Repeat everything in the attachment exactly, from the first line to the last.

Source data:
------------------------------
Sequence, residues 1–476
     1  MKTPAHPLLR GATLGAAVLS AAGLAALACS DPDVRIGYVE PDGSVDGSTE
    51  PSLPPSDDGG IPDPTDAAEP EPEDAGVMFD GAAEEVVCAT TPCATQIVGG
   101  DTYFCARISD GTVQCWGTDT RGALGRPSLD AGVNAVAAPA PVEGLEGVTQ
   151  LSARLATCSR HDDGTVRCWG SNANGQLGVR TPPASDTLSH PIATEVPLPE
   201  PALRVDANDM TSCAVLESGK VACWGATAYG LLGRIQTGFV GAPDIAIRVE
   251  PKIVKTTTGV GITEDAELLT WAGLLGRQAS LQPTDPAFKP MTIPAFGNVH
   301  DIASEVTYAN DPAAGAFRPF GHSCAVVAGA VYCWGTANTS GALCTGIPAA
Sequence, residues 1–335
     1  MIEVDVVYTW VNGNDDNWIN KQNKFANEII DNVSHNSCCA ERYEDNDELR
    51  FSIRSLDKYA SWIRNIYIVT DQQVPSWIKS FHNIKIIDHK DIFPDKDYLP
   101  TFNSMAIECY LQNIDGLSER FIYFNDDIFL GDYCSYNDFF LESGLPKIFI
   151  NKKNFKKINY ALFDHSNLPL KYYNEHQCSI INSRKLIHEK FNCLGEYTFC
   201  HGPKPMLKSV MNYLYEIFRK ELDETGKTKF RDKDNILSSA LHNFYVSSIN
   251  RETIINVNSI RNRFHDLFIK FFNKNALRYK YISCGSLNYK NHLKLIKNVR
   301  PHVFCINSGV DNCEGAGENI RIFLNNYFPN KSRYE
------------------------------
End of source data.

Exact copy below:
Sequence, residues 1–476
     1  MKTPAHPLLR GATLGAAVLS AAGLAALACS DPDVRIGYVE PDGSVDGSTE
    51  PSLPPSDDGG IPDPTDAAEP EPEDAGVMFD GAAEEVVCAT TPCATQIVGG
   101  DTYFCARISD GTVQCWGTDT RGALGRPSLD AGVNAVAAPA PVEGLEGVTQ
   151  LSARLATCSR HDDGTVRCWG SNANGQLGVR TPPASDTLSH PIATEVPLPE
   201  PALRVDANDM TSCAVLESGK VACWGATAYG LLGRIQTGFV GAPDIAIRVE
   251  PKIVKTTTGV GITEDAELLT WAGLLGRQAS LQPTDPAFKP MTIPAFGNVH
   301  DIASEVTYAN DPAAGAFRPF GHSCAVVAGA VYCWGTANTS GALCTGIPAA
Sequence, residues 1–335
     1  MIEVDVVYTW VNGNDDNWIN KQNKFANEII DNVSHNSCCA ERYEDNDELR
    51  FSIRSLDKYA SWIRNIYIVT DQQVPSWIKS FHNIKIIDHK DIFPDKDYLP
   101  TFNSMAIECY LQNIDGLSER FIYFNDDIFL GDYCSYNDFF LESGLPKIFI
   151  NKKNFKKINY ALFDHSNLPL KYYNEHQCSI INSRKLIHEK FNCLGEYTFC
   201  HGPKPMLKSV MNYLYEIFRK ELDETGKTKF RDKDNILSSA LHNFYVSSIN
   251  RETIINVNSI RNRFHDLFIK FFNKNALRYK YISCGSLNYK NHLKLIKNVR
   301  PHVFCINSGV DNCEGAGENI RIFLNNYFPN KSRYE